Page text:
Faith in the Future

Faith in the Future

Faith rarely gets mentioned when discussing how to successfully invest.  I’m not referring to faith in a religious sense, but faith that the markets will go up over time, albeit with temporary and sometimes drastic downturns.

Ironically, as the market makes new record highs on an almost daily basis, pessimism, skepticism, and nervousness still seem to be the prevailing sentiments.

I’ve read articles that say that investor optimism is rising, but they must be interviewing different people from those that I’ve been talking with.  Virtually everyone I know has significant skepticism with regard to current market values.  I’d honestly like to know who is admitting market optimism right now.  Somebody besides Jeremy Siegel.

And interestingly enough, everyone seems to have a reason for their pessimism.  Valuations, fraud, falling corporate profit margins, bond bubbles, interest rate increases, student loan debt crisis, federal debt crisis, race relations or simply because we’re at all-time highs.

Even those who don’t have data to back up their skepticism just embrace the current president and political discourse as the reason for their feelings about the markets.  An understandable thought process.

I’m not disregarding any of those thoughts since comparatively speaking, the market is high as far as valuations go, but that doesn’t mean a crash is around the corner.

I’m not saying that you have to be an optimist, but that you must have faith in the future.  That being said, I’m not sure where faith in the future ends and optimism begins, and I’m not sure it matters.  But I know that faith in the future is critical to your portfolio’s long-term success.

Faith in the future that we will keep innovating.  And this innovation will create new and different jobs and opportunities.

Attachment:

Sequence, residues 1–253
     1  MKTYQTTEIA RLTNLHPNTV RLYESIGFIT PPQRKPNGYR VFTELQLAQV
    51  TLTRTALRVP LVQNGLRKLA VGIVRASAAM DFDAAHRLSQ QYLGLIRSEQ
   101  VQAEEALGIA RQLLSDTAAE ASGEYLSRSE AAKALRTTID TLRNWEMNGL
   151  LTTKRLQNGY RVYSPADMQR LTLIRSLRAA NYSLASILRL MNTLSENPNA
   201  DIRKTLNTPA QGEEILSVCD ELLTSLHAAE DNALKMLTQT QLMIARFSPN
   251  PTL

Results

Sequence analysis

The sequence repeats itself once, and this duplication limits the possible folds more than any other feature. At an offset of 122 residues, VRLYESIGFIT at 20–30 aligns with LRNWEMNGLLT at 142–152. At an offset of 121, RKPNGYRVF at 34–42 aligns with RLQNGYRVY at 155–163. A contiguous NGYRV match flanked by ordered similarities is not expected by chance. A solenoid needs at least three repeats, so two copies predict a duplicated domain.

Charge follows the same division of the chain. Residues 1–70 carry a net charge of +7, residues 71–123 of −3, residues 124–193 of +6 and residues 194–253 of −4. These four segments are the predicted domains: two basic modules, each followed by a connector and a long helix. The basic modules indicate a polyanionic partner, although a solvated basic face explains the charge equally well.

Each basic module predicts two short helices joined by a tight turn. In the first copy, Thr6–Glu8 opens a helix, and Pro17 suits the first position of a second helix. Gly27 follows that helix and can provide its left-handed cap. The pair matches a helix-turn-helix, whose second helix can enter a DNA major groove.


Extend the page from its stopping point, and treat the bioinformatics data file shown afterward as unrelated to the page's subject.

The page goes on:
Faith in the future that this will bring costs down and make things available to people worldwide that were never available before.

Faith in the future that we’re extending our own lives via amazing research in the medical space.

Faith in the future that we will eventually solve our energy problems.

Faith in the future that as each day passes, fewer and fewer people are living in poverty than ever before.

Faith in the future that you have a place in this world and that our fellow man is inherently good.

Faith in the future that our children will live in a better world than we do today.  (As a father of two young children, I have a lot to say on this topic for a future post.)

Faith in the future that the markets will go up over time due to a multitude of reasons.

Faith in the future is a foundational concept to successful investing, and yet it receives little attention.  So many focus on asset allocation and charts.  And I’ll admit that I love those types of articles.

But if you refuse to believe that the market will be (significantly) higher in 10/20/30 years, then it is going to be extremely difficult to plan financially.  I honestly don’t know how one might make successful long-term portfolio decisions with a long-term pessimistic viewpoint.

Faith in the future is as essential to your long-term portfolio as oxygen is to us as humans.  Because whether you admit it or not, without faith in the future, you’ll find yourself trying to find the right entry and exit points for various market conditions.

It will be difficult to ride out the downturns because you’ll be too busy telling everyone, “I told you so” and you won’t know when to get in again (if you were even in the market to begin with).

It will be difficult to embrace markets pushing new all-time highs since you’ll be waiting for the other shoe to drop.

Let’s face it, investing is hard, but successful investing without faith in the future is virtually impossible.

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